In praise of the old and crusty, the musty and dusty

She's not for everyone, but we love Mrs. Miller
She’s not for everyone, but we love Mrs. Miller

When I was a girl my friends and I used to scour the woods near my house for wooden stakes with plastic neon ribbon on them because we knew that some day in the near future a flotilla of big machines was coming to tear the trees out of the ground and raze the ferns and the huckleberry bushes.  Eventually, despite our efforts, it happened.  The damp, shady pond under the vine maple grove was spared as a “wetland”, encased in a chain-link cage in the middle of a soulless subdivision, but everything else was buried under cement.  We had moved away by this time, but on a few occasions I drove back to my old neighborhood to throw rocks and sticks at the bulldozers parked on my woods.  Now I don’t go near there.

My woods were ripped down for a bunch of hastily built “dream homes” squashed close together with their chilly vaulted ceilings and echoing open floor plans. When Huzzybee and I decided it was time to find a house to live in, we knew immediately that we wanted to live in something old, comfortable, and strange.  Thank God we met Mrs. Miller. She is not and old woman, or a young woman, or a grande damme, she is our house, and she is a little batty.  The first time we stepped inside her creaky grandeur we knew this was the place.  I was technically on bed rest and not supposed to be looking at houses, so I clung to Huzzybee’s arm during the house showing, dug my claws into his skin and hissed “this one!

Mrs. Miller was built in 1928, so the records say, but actually she could be much older.  She’s 1100 square feet of strange wooden walls, wooden ceiling, spooky attic, unnerving basement, and mysterious artifacts.  She has given us nothing but trouble since we moved in – we’ve already had to repair the furnace, do a sewer pipe overhaul, fix the fireplace, and the gutters, but we love every creaky old inch of her.  When my father-in-law suggests that we tear her down and put two new homes on top of her we defend her like insulted medieval knights arguing abou their fair lady’s honor.  When our friends look at our wooden walls and ceiling and blithely say “I could never live with this” we point out her lovely, sunny windows and beg them to just get to know her for her personality.  When they remark that 1100 square feet is just too small we feel embarrassed because to us (we used to live in a 690 square foot condo) she feels like a palace.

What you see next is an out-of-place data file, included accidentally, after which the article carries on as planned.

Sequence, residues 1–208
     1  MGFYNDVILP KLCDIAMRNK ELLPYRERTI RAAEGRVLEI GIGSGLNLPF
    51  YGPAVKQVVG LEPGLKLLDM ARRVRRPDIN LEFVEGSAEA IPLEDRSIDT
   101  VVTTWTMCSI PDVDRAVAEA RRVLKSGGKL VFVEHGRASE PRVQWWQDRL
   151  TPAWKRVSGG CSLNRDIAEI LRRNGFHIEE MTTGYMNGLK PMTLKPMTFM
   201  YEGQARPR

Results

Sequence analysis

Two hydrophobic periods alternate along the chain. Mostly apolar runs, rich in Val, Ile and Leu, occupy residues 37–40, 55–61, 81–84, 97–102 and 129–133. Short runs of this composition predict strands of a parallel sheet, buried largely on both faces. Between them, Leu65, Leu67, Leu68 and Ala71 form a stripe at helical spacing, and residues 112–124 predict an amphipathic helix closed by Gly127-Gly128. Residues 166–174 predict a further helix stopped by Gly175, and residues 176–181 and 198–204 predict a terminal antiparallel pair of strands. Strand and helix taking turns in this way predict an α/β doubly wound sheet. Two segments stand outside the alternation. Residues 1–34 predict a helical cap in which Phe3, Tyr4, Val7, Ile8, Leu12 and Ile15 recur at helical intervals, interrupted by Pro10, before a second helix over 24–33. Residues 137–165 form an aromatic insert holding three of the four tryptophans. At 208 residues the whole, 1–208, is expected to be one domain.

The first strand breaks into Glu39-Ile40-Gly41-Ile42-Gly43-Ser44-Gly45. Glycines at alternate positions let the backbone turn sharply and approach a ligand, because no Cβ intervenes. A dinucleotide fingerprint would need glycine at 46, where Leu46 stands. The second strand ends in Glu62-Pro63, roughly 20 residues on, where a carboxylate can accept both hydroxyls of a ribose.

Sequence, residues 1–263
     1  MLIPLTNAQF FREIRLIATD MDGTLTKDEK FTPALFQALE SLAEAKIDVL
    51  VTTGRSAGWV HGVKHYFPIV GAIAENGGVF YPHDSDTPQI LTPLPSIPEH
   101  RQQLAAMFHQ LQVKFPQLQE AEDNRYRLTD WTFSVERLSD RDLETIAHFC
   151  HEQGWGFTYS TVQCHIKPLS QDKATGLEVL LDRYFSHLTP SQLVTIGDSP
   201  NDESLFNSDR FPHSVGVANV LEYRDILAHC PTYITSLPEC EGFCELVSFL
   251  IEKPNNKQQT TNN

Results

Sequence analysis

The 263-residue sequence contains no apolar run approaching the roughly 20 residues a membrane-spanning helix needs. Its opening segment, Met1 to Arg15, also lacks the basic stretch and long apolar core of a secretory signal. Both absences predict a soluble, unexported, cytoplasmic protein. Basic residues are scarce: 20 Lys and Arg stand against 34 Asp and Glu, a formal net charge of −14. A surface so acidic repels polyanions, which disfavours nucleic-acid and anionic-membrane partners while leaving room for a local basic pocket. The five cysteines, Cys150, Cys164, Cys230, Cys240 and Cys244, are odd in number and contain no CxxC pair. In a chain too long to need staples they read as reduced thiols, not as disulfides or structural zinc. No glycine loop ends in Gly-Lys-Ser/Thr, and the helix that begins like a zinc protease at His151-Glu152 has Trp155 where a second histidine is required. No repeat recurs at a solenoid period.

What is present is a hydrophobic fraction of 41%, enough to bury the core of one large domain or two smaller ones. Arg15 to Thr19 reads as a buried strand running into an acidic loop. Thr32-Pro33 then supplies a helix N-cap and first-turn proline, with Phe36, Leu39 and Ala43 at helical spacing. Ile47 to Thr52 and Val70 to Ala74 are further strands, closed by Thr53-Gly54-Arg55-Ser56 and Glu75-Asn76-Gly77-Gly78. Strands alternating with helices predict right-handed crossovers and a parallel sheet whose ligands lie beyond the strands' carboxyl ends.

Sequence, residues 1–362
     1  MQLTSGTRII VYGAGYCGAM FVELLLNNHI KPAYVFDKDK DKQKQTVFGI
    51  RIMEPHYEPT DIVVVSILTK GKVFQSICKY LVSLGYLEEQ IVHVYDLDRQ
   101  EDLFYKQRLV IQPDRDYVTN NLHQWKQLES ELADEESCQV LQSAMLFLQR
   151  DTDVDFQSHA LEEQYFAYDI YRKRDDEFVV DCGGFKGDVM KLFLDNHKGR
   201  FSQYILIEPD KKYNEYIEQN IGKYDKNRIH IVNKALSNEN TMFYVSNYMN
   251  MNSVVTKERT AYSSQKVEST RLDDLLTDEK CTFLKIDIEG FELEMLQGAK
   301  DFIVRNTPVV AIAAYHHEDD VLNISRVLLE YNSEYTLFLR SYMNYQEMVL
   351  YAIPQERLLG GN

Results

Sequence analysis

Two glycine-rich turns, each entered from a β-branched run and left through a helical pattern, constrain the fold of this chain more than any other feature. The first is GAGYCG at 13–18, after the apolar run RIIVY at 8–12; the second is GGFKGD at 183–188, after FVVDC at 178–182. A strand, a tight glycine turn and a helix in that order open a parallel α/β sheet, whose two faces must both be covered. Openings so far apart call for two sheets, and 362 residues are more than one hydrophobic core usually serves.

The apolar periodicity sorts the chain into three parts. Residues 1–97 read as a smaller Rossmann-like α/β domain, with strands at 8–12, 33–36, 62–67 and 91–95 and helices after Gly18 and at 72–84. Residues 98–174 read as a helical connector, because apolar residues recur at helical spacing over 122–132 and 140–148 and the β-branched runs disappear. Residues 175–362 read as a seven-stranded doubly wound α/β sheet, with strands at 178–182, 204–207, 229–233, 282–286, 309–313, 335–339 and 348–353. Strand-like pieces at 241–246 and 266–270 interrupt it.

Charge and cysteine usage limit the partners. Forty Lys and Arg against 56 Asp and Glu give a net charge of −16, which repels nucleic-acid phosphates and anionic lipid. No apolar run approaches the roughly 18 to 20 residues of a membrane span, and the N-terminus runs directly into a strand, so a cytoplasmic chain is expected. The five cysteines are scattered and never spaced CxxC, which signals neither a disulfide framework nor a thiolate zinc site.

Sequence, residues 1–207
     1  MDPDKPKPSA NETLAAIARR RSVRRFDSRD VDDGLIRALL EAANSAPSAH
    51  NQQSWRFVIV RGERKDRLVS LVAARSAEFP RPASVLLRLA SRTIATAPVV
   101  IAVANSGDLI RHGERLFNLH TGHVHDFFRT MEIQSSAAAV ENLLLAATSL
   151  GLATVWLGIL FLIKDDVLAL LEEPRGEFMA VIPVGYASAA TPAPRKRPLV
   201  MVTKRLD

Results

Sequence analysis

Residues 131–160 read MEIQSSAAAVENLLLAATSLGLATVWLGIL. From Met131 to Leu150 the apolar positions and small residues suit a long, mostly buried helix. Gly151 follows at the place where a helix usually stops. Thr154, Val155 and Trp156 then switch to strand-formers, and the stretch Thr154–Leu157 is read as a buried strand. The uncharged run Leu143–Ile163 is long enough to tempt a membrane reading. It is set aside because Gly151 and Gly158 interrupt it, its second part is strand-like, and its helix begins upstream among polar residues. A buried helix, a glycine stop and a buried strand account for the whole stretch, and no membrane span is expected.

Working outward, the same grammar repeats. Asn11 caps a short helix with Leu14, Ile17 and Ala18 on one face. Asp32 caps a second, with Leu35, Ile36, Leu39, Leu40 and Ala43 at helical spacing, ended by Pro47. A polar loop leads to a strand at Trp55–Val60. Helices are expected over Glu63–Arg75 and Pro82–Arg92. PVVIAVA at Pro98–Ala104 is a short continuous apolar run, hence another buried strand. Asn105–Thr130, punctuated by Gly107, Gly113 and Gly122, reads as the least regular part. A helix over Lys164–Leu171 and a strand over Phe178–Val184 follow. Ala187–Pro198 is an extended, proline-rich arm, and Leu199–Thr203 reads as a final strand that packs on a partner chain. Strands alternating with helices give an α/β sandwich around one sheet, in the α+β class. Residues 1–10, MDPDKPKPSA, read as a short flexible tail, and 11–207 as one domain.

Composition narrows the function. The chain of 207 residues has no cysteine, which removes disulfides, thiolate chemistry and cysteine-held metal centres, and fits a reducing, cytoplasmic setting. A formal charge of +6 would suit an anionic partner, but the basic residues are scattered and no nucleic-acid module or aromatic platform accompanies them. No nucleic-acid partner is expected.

Two days ago, while I was working in my garden, a car screeched up to me and a woman of about 65 poked her head out the driver’s window.  “I used to spend my summers at this house”  she bellowed, “my aunt lived here!” Three minutes later she was inside, wandering the halls and telling me stories of weekends spent making cherry pies, sleeping on an old iron bed in the attic, and walking to the nearby beach in the summer time.  This never happens in a cookie-cutter subdivision.

All around us in our neighborhood little old ladies like Mrs. Miller are being demolished, along with their apple orchards and old roses. New and giant houses are built out to all four property lines so that no more yard exists, save for a slash of beauty bark and some low-maintenance, standard-issue evergreen shrubs. Right now, in late spring it is house shopping season and I dearly hope that potential buyers will choose to live in an older home.  Retrofitting an older home can be far greener than building a brand new one.  Yes they are smaller, but Huzzybee and I love living in smaller quarters – it has helped us learn to cooperate with each other, compromise, and be creative about how we use space (plus we can’t own much stuff if there is no place to put it).

Right now the radio is playing Glenn Miller band in my old, dishwasher-less, microwave-less, garbage disposal-less kitchen and Mrs. Miller is feeling content and nostalgic, and I am feeling grateful that we were entrusted with her care.

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